In 1967 the Elan +2 hardtop arrived. Its lengthened and widened chassis allowed for rear seating as well as superior handling to that of the original bodystyle, but the extra weight made it slower. Only 330 of these cars remain of 1100 Elans sold worldwide. Demand for +2 models has been increasing in recent years.

The Series 4 Elan superseded the Series 3 in 1968, and heralded the introduction of wider-section tyres and flared arches. Interestingly, the revised taillamps and switchgear on S4 models are related to those found on Jaguar’s E-type.

The Sprint was available in 1971, and its rapid acceleration was comparable with the fastest cars of the day; its 6.6-second 0-60mph time is still fast by modern standards. Even so, acceleration statistics must be taken with a grain of salt, because there are reports of blueprinted engines being used in journalists’ test cars.

A decent Elan has always commanded strong money, and now its status as a seminal classic has been established, this trend is set to continue. A good car comes with considerable cost – but if you drive one, it won’t take long to understand why.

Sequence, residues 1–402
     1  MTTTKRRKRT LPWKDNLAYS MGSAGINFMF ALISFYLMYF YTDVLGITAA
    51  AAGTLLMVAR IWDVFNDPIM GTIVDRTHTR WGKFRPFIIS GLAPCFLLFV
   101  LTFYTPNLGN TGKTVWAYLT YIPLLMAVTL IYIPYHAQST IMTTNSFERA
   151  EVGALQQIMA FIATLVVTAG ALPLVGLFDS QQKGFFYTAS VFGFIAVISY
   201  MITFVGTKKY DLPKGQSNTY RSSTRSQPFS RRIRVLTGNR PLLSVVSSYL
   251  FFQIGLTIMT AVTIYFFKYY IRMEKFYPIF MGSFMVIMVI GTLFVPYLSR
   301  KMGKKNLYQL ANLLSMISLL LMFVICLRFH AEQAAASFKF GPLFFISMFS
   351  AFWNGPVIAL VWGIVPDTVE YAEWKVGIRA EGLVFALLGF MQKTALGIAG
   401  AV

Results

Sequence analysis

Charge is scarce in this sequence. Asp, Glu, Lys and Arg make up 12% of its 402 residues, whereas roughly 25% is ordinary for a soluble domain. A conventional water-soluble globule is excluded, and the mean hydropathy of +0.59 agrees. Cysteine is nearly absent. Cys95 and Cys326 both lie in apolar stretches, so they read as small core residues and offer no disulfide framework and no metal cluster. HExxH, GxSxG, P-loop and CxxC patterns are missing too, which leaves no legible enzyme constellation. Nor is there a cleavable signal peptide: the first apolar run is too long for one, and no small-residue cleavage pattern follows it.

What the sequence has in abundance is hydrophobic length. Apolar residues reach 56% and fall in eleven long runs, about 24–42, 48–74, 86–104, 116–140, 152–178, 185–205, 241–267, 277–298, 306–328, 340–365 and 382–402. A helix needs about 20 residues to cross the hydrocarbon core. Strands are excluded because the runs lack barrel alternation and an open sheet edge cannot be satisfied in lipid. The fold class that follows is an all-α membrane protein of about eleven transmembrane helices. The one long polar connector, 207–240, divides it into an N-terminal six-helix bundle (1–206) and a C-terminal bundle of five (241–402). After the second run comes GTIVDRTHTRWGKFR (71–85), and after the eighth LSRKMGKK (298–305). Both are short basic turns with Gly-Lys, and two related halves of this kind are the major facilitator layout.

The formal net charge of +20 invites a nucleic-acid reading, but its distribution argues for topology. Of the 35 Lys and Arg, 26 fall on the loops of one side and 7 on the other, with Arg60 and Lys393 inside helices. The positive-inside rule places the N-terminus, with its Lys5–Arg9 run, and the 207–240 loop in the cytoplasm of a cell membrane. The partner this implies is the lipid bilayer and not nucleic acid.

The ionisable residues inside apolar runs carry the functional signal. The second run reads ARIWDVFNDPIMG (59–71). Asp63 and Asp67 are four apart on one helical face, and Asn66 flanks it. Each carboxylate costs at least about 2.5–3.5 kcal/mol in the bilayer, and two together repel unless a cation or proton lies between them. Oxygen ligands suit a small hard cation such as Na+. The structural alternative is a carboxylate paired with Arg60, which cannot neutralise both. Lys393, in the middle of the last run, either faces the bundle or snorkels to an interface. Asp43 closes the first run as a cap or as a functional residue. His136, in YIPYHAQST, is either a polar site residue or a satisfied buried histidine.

The Elan’s Ford-derived engine is a venerable unit and pretty durable if maintained properly. However, when things do go wrong, fixes are usually very expensive; £5000-6000 for a rebuild. Once sorted, motors are reliable and can be expected to last at least the owner’s lifetime. The twin-Stromberg carbs used on US cars are less desirable than the Weber-equipped engines found in Europe, but these can be converted with a new head to accommodate a camshaft conversion. With a warm engine, oil pressure should read 40psi while on the move and 20psi at idle. Beware of blue exhaust smoke, as well as a whining or clattering noise from under the bonnet; this often indicates a badly adjusted timing chain.

Overheating is one of the Elan’s main weaknesses, particularly on the S3 and S4. This is because the S3s switched to a smaller Triumph radiator, which became an even narrower and cheaper unit in the S4. The S4 rad was also used in the Sprint, whose additional power assured the risk of overheating. Tony Thompson Racing recommends that owners fit an alloy crossflow radiator, rather than a cheaper up/down unit. If you combine this with a swirl pot to remove air from the coolant system, it’ll eradicate overheating issues.

The additional gain is that the Elan’s engine benefits from cooler running, because it produces its maximum power at around 75oC. For a standard model, the normal temperature sits at 90-95oC, which is bordering on dangerous to begin with. Make sure the car is running a high-quality pre-mixed anti-freeze, as this is an essential part of a good cooling system.